CodeCrafters (YC S22) – Practice writing complex software

Hey everybody, it’s Sarup and Paul, founders of CodeCrafters ( We make interactive courses for software engineers, where you get to recreate popular developer tools from scratch. Build your own Redis, Git, Docker, and SQLite—in Go, Python, Rust, etc.

For example, if you did our Git course, you’d learn how Git internally stores file data by building an implementation of Git that can clone a GitHub repo. If you did our SQLite course, you’d end up with a SQLite implementation that can read a valid SQLite database file, and retrieve data by performing an index / full-table scan on it. The projects you’ll build are always end to end compatible with the official spec. Given the same input, your program would behave the same way the official one would.

We’re different in the developer education segment in 3 main ways:

First, we cater to people with programming experience. There are tons of introductory “learn to code” resources out there, but surprisingly little once you get past the basics. Good programmers want to get better and to develop in areas where they’re not strong yet, and that’s what we help with.

Second, the coursework involves writing actual code instead of consuming videos. You handle concurrency, develop statecharts, traverse B-trees, etc. While we test against a fixed spec, you’re welcome to try different approaches. E.g in our Redis course, you could implement handling concurrent clients either using threads, or using an event loop.

Third, instead of coding in the browser, you build these projects in your local dev environment. We create repositories for you to work out of, and you git push to run tests. The actual code can be written in your editor of choice (VSCode, JetBrains, Emacs, etc).

This last point in particular—our git-based workflow—is something customers repeatedly tell us they enjoy. We run our own git servers, and have server-side post commit hooks configured to run tests on every push. These post-commit hooks also send back logs to users, with colors to indicate pass/fail, errors, etc. Our feedback cycle for popular languages like Go, Python, JS often takes ~2.5sec (including pushing code, running tests, and streaming back results), faster than even regular GitHub pushes. We do this by executing code within firecracker VMs and caching aggressively wherever possible.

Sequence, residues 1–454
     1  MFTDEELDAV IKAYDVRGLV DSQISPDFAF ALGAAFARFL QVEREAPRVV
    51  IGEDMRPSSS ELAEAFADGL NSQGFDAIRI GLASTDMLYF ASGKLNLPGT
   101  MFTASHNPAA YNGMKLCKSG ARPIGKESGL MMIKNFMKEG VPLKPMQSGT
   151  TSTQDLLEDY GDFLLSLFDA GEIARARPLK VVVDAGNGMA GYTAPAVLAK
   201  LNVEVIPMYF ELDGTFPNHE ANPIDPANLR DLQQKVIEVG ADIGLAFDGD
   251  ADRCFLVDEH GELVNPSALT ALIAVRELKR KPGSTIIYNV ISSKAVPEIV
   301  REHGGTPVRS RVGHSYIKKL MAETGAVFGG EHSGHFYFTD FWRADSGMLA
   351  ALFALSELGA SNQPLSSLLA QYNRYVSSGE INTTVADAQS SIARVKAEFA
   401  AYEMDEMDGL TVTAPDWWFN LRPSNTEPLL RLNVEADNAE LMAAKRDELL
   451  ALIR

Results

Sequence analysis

As open source contributors, we’ve always been interested in the internals of software we use day-to-day. When Paul became an Engineering Manager for a team of 12, he decided to conduct in-person “Build your own Redis” workshops as a way to engage his team and help build skills. He had a mini-curriculum, a physical leaderboard for scorekeeping, and a Slack channel for discussing solutions. Participants loved it and wanted more. With CodeCrafters, we’ve essentially built an expanded version of that workshop experience on a website—for engineers and teams that want to challenge themselves, dive deeper, and grow.

We’ve learned how much hunger there is for a skill-building path that’s structured, fun, and focused on cool, well-known projects with serious technical dimensions. Jumping straight into the deep end as an open-source contributor has always been an option, but it’s daunting, if not intimidating. It can take a long time to get oriented in a major codebase, and mentorship isn’t always available. There’s a need for an intermediate approach with lessons that build technical expertise, and that’s what we’re supplying.

So far, we’ve seen developers and teams use CodeCrafters to learn the internals of complex software, master programming languages, onboard devs in a new language, and even as a continuous team-bonding activity.

If you’re a developer, we’d love for you to try CodeCrafters. Most customers expense the subscription through their learning / professional development budgets. If you need help convincing your manager, feel free to email me — [email protected].

Paul and I are excited to continue helping software engineers become the best technical version of themselves. We'd love to hear your ideas, experiences, and suggestions. What new courses should we add? What other formats of learning have you found to be effective?

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andrey azimov by Andrey Azimov